Computational and mathematical modelling can be applied to cell competition because quantitative data can be derived from the differential proliferation rates exhibited by loser and winner cells in both non-competitive and competitive environments (Bove et al., 2017). Cell competition dynamics have been accurately modelled using equations borrowed from ecology, such as the Lotka-Volterra model (Nishikawa et al., 2016), which was first used to describe predator-prey interactions between animals in the wild. Use of mathematical models has also shed light on mechanisms of cell competition. For example, modelling cell behaviour in an epithelium indicated that mechanical forces play a role in the elimination of slower-growing cells (Shraiman, 2005), a prediction that was later confirmed in vitro and in vivo (Levayer et al., 2016; Wagstaff et al., 2016). Similarly, computational data have been used to demonstrate that compensation of cell number following elimination of mutant clones in the Drosophila intestine occurs through increased proliferation of surviving intestinal stem cells (Kolahgar et al., 2015). Finally, mathematical and computational modelling has provided insight into the role of cell competition in promoting the growth of mutant clones in non-diseased human tissue (Lynch et al., 2017). Going forward, such multi-disciplinary approaches are likely to be fruitful for understanding cell dynamics in a broader range of cell competition contexts.
Conclusions and future perspectives
The field of cell competition has developed rapidly in recent years. In particular, we are in the early stages of understanding the roles that cell competition plays in enhancing tissue and organismal fitness. Exciting future directions involve the role of cell competition in disease and ageing. In particular, what role does cell competition have in tumour evolution? It is clear from Drosophila studies that cell competition promotes expansion of oncogenic clones (Eichenlaub et al., 2016; Suijkerbuijk et al., 2016). Furthermore, the expansion of mutant clones in human skin is suggestive that competition mechanisms promote the selection of fitter clones (Lynch et al., 2017; Martincorena et al., 2015). However, it is still unclear whether this expansion in human tissues is fuelled by death of wild-type cells, as happens in Drosophila (Li and Baker, 2007), or occurs through more subtle mechanisms such as differences in stem cell self-renewal. Shedding light on these areas could be used to develop various areas in cancer research. First, new routes for therapeutic intervention could be opened up by targeting the driving forces of cell competition; this has been sufficient to contain tumour growth in Drosophila models (Eichenlaub et al., 2016; Suijkerbuijk et al., 2016). Second, further understanding into the tissue-specific nature of cancer driving mutations could be gleaned by exploring the context-dependent nature of fitness drivers (Schneider et al., 2017). Finally, evaluating clonal dynamics in cancers following treatment in the context of cell competition could yield greater insight into how resistance to chemotherapy is achieved.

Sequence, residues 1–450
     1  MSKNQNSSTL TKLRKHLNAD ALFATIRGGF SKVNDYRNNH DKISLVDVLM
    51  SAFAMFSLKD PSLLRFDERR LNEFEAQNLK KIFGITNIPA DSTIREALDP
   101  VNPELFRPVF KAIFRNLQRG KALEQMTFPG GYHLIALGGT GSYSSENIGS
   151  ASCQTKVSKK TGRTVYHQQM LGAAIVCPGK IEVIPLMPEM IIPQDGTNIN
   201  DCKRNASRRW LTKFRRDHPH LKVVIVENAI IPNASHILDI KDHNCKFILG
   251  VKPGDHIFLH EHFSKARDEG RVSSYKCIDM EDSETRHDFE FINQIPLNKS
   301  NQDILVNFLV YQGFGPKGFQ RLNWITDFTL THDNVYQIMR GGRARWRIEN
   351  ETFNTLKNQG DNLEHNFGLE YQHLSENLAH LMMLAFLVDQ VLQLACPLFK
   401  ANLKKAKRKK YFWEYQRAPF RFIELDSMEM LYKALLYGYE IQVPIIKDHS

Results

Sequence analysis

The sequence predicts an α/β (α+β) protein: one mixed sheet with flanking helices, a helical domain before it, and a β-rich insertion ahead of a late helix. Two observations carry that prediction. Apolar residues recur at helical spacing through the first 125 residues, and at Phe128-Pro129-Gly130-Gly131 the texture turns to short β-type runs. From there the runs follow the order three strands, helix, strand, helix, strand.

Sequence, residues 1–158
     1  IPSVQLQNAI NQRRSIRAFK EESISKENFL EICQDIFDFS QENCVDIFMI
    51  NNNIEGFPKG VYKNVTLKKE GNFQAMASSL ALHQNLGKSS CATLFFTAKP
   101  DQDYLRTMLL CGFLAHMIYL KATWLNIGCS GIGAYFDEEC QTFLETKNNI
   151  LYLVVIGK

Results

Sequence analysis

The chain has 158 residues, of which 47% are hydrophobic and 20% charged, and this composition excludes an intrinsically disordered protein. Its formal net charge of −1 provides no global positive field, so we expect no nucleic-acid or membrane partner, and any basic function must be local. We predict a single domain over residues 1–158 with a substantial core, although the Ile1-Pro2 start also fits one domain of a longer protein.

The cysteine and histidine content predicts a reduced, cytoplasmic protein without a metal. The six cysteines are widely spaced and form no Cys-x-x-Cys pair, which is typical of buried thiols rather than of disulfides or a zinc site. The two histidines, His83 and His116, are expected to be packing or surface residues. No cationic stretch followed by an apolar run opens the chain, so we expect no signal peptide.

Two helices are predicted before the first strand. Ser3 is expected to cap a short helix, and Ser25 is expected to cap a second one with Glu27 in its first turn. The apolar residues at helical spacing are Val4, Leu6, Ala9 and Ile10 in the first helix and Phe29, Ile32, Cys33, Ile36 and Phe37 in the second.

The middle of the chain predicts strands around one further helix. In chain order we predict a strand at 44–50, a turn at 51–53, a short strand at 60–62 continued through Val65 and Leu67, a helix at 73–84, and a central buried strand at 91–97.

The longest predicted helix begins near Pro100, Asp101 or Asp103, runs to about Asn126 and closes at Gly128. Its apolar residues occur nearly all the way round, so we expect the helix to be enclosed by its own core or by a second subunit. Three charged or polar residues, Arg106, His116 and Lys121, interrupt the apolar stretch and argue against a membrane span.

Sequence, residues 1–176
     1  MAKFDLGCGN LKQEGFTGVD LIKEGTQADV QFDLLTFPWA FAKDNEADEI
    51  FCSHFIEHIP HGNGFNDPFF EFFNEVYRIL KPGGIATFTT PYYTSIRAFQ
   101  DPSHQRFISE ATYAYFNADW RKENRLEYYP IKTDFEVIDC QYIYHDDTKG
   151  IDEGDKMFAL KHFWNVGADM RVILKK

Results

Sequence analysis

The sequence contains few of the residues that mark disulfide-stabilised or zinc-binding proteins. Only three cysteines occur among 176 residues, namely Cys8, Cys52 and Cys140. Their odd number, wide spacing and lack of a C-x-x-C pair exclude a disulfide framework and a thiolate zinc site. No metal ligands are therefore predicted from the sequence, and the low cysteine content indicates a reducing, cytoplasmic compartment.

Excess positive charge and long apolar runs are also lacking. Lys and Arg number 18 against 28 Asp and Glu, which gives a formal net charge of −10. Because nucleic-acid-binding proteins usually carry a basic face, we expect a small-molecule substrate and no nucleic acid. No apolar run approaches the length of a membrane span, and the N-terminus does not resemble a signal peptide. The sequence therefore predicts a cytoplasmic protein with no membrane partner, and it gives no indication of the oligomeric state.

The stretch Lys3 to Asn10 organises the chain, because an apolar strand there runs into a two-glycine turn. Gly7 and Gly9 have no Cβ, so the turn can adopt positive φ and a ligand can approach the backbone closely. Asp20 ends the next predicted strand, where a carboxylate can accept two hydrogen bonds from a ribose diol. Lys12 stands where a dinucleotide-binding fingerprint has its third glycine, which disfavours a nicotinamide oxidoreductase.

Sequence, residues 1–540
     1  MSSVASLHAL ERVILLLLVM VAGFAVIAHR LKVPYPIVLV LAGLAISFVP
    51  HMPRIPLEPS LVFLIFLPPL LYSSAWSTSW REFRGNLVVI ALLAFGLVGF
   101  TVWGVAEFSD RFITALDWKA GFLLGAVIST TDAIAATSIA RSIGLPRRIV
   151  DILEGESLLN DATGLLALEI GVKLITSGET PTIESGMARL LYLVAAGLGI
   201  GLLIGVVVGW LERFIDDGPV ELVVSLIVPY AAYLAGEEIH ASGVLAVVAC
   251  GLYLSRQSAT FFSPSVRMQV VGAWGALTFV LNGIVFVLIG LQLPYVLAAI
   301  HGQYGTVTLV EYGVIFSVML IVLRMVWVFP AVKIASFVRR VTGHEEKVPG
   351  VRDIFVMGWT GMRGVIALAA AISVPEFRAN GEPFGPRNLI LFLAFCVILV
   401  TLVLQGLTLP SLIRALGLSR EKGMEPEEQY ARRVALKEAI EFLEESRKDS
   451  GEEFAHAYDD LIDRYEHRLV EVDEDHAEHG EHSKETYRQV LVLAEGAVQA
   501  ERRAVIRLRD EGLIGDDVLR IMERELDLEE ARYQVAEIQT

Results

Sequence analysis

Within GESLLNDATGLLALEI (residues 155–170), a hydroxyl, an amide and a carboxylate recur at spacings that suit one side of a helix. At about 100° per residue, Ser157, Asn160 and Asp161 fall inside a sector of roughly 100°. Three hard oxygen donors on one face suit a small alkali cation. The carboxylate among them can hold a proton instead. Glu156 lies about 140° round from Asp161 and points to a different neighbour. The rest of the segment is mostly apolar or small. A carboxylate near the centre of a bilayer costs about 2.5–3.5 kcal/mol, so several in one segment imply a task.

Other key questions are: what role does cell competition have in physiological ageing? Are cell competition mechanisms maintained with age and, if so, do they provide important anti-tumour functions? Conversely, could cell competition mechanisms deteriorate with age, leading to a rise in age-related pathology? Although there is promising evidence to suggest that cell competition affects ageing in Drosophila (Coelho et al., 2018; Merino et al., 2015), opening up the investigation to mammalian systems will be crucial in establishing if altered cell competition dynamics can indeed be added to the hallmarks of ageing (López-Otín et al., 2013), and whether either boosting or blocking cell competition could therefore be a viable prevention strategy for age-associated disease.
Finally, we are at the early stages of establishing the endogenous rates and occurrence of cell competition in both developing and adult tissues. Recent technological advances in our ability to trace cells in vivo, through the use of somatic mutations as lineage-tracing markers, will enable clonal behaviour and competitive interactions to be better studied in physiological conditions and in human models (Lee-Six et al., 2018a; Ludwig et al., 2019; Osorio et al., 2018).
The authors thank Jesus Gil and all members of the Molecular Embryology and Cell Proliferation groups for inspiring discussions of all aspects of cell competition.
Sarah Bowling is a recipient of a Medical Research Council-Doctoral Training Accounts PhD studentship and a European Molecular Biology Organization fellowship (ATF 798-2018). Katerina Lawlor is in receipt of an National Heart and Lung Institute foundation PhD studentship. Research in Tristan Rodriguez's lab is supported by a Medical Research Council project grant (MR/N009371/1) and by being part of a British Heart Foundation centre for research excellence.
The authors declare no competing or financial interests.